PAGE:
That Hawkward Moment!

F/7.1, 1/200, ISO 400.

A pirate walks into a bar with a steering wheel on his pants, a peg leg and a parrot on his shoulder. The bartender says, “Hey, you’ve got a steering wheel on your pants.”

The pirate says, “Arrrr, I know. It’s driving me nuts.”

Interesting Fact: ed-tailed Hawks typically put their nests in the crowns of tall trees where they have a commanding view of the landscape. They may also nest on a cliff ledge or on artificial structures such as window ledges and billboard platforms. ( https://www.allaboutbirds.org/guide/Red-tailed_Hawk/lifehistory )

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Life Is Like A Camera Focus On What’s Important & You’ll Capture It Perfectly.

F/11.0, 1/125, ISO 125.

Cooper’s Hawk

Why was the snowman sad?

Cause he had a meltdown.

Interesting Fact: Cooper’s Hawks build nests in pines, oaks, Douglas-firs, beeches, spruces, and other tree species, often on flat ground rather than hillsides, and in dense woods. Nests are typically 25-50 feet high, often about two-thirds of the way up the tree in a crotch or on a horizontal branch. ( https://www.allaboutbirds.org/guide/Coopers_Hawk/lifehistory )

I’ve Been Patiently Waiting For A Someone To Fly By!

F/9.0, 1/320, ISO 400.

Cooper’s Hawk

What did the hamburger name his daughter?

Patty!

Interesting Fact: Cooper’s Hawks show the classic accipiter flight style: a few stiff wingbeats followed by short glides. But in pursuit of prey their flight becomes powerful, quick, and very agile, allowing the bird to thread its way through tree branches at top speed. Courting birds display by flying with slow wingbeats, then gliding with wings held in a V. Males make a bowing display to females after pairing and before beginning to build the nest. ( https://www.allaboutbirds.org/guide/Coopers_Hawk/lifehistory )

Here’s Looking At You, Kid

F/11.0, 1/500, ISO 320.

Red-tailed Hawk

Why can you never trust atoms?

They make up everything!

Interesting Fact: Birds are amazingly adapted for life in the air. The Red-tailed Hawk is one of the largest birds you’ll see in North America, yet even the biggest females weigh in at only about 3 pounds. A similar-sized small dog might weigh 10 times that. ( https://www.allaboutbirds.org/guide/Red-tailed_Hawk/lifehistory )

You Give Me The Chills!

F/10.0, 1/400, ISO 160.

Red-tailed Hawk

Two snakes are talking.

One of them turns to the other and asks, “Are we venomous?”

The other replays, “Yes,why?…”

“I just bit ma lip.”

Interesting Fact: Red-tailed Hawks typically put their nests in the crowns of tall trees where they have a commanding view of the landscape. They may also nest on a cliff ledge or on artificial structures such as window ledges and billboard platforms. ( https://www.allaboutbirds.org/guide/Red-tailed_Hawk/lifehistory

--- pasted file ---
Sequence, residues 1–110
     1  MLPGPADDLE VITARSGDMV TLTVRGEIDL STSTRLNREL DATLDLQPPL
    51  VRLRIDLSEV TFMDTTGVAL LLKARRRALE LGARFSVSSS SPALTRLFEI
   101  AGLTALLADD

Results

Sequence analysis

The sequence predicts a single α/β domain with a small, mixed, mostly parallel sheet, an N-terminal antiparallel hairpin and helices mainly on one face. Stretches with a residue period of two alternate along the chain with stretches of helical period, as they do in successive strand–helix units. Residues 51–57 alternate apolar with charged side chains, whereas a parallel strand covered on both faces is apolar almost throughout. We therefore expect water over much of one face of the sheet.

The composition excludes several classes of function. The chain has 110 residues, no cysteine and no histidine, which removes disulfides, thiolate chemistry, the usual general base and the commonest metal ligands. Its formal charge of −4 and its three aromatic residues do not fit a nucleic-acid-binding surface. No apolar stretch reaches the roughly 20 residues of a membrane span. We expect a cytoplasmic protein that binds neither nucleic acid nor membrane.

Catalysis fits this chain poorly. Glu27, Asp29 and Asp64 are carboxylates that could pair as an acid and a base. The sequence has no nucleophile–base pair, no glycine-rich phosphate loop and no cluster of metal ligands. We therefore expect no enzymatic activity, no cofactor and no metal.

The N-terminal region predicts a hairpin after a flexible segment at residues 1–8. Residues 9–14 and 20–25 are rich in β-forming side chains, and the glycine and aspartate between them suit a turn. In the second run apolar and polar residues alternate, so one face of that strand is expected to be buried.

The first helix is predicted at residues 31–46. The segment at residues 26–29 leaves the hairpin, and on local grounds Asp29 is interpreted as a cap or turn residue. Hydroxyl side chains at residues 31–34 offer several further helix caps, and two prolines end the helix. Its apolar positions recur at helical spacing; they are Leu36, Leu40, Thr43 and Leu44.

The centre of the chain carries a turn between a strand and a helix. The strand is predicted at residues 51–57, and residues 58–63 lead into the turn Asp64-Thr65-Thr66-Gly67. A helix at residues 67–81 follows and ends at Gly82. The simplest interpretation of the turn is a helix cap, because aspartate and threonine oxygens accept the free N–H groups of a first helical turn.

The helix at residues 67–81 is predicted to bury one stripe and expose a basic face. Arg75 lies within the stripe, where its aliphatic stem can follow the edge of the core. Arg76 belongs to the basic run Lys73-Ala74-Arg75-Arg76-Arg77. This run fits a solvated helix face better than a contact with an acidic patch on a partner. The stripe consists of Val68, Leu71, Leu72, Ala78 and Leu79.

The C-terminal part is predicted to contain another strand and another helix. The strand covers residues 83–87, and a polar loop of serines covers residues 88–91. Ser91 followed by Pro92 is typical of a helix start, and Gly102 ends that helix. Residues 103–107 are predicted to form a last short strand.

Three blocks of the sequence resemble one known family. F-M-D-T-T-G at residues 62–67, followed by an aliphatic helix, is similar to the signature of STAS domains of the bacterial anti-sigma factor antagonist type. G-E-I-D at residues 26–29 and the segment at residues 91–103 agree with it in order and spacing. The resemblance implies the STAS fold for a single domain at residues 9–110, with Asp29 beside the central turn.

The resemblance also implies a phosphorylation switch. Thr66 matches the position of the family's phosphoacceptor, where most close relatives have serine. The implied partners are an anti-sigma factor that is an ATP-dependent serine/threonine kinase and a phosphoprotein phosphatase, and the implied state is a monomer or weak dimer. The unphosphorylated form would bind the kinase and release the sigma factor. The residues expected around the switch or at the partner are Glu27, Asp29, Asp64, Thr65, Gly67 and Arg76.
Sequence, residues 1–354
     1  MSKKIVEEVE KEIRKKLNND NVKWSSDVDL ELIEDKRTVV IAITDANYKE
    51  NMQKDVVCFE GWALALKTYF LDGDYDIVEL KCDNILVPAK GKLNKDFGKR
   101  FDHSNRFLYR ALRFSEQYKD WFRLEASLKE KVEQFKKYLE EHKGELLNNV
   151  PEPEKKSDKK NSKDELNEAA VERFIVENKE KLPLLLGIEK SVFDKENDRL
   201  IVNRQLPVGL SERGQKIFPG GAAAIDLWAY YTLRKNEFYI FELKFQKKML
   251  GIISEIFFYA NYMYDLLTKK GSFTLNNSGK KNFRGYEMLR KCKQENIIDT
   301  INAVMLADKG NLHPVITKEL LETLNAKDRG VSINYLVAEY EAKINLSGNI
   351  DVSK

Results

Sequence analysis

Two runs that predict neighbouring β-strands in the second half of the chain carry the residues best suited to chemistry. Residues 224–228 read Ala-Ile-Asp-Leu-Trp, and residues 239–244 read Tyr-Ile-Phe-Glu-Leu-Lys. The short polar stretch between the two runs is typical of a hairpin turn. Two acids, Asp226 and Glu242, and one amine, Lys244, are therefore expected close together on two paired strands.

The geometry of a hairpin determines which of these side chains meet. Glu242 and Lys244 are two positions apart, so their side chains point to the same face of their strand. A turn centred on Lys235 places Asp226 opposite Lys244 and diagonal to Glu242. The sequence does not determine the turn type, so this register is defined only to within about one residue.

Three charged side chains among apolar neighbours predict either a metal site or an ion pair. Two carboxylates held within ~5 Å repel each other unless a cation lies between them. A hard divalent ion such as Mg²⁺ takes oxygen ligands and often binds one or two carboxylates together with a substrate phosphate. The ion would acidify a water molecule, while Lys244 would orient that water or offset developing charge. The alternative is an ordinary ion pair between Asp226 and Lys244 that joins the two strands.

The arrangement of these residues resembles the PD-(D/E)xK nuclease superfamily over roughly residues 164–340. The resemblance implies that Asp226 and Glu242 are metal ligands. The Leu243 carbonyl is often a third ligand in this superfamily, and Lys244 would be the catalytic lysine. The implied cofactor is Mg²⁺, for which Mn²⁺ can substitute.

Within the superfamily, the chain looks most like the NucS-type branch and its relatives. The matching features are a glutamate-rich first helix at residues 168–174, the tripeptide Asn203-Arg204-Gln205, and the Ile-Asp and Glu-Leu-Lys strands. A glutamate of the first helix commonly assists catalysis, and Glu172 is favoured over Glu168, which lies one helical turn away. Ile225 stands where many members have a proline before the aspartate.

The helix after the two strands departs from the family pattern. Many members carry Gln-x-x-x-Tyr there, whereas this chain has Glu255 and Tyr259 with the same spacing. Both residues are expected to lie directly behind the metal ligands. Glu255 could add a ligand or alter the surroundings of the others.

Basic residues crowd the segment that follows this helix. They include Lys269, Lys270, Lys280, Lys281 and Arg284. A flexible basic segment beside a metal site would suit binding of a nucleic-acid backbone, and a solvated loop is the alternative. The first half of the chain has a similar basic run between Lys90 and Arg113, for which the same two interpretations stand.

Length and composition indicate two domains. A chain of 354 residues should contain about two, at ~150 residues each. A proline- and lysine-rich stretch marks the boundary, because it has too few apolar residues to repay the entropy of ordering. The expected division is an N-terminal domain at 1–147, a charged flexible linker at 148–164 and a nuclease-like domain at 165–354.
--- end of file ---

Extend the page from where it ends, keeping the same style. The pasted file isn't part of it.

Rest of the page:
I’m So High!

F/6.3, 1/2500, ISO 320.

Red-tailed Hawk

One day a man came home from work to find his wife crying hysterically in the kitchen.

“What’s wrong, dearest?” asked the confused husband.

“Oh darling,” sobbed the wife,

“I was cleaning little Jen’s room when I found whips, handcuffs and chains under her bed, along with a very erotic porn magazine! What ever are we going to do?”

“Well,” replied the man, “I guess a spanking is out of the question?”

Interesting Fact: The oldest known wild Red-tailed Hawk was at least 30 years, 8 months old when it was found in Michigan in 2011, the same state where it had been banded in 1981. ( https://www.allaboutbirds.org/guide/Red-tailed_Hawk/overview )

The Key To Eating Healthy Is To Avoid Any Food That Has TV Commercial.

F/6.0, 1/125, ISO 640.

Golden Eagle

What do you get when you cross fish and an elephant?

Swimming trunks.

Interesting Fact: Although capable of killing large prey such as cranes, wild ungulates, and domestic livestock, the Golden Eagle subsists primarily on rabbits, hares, ground squirrels, and prairie dogs. ( https://www.allaboutbirds.org/guide/Golden_Eagle/overview )

Be Bold, Be Brave Enough To Be Your True Self!

F/9.0, 1/320, ISO 1250.

Bald Eagles

What falls but never gets hurt?

The rain!

Interesting Fact: Bald Eagles occasionally hunt cooperatively, with one individual flushing prey towards another. ( https://www.allaboutbirds.org/guide/Bald_Eagle )

Come At Me Bro!

F/9.0,  1/320, ISO 320.

Cooper’s Hawk

What did the tree say to spring?

What a re-leaf.

Interesting Fact: Dashing through vegetation to catch birds is a dangerous lifestyle. In a study of more than 300 Cooper’s Hawk skeletons, 23 percent showed old, healed-over fractures in the bones of the chest, especially of the furcula, or wishbone. ( https://www.allaboutbirds.org/guide/Coopers_Hawk )

I’m So Fly!

F/11.0, 1/500, ISO 320.

Northern Harrier

A camel meets an elephant.

The elephant asks jokingly: “Why do you have two breasts on your back?”

The camel replies: “With a face like yours, I’d just shut up.”

Interesting Fact: Northern Harriers are the most owl-like of hawks (though they’re not related to owls). They rely on hearing as well as vision to capture prey. The disk-shaped face looks and functions much like an owl’s, with stiff facial feathers helping to direct sound to the ears. ( https://www.allaboutbirds.org/guide/Northern_Harrier )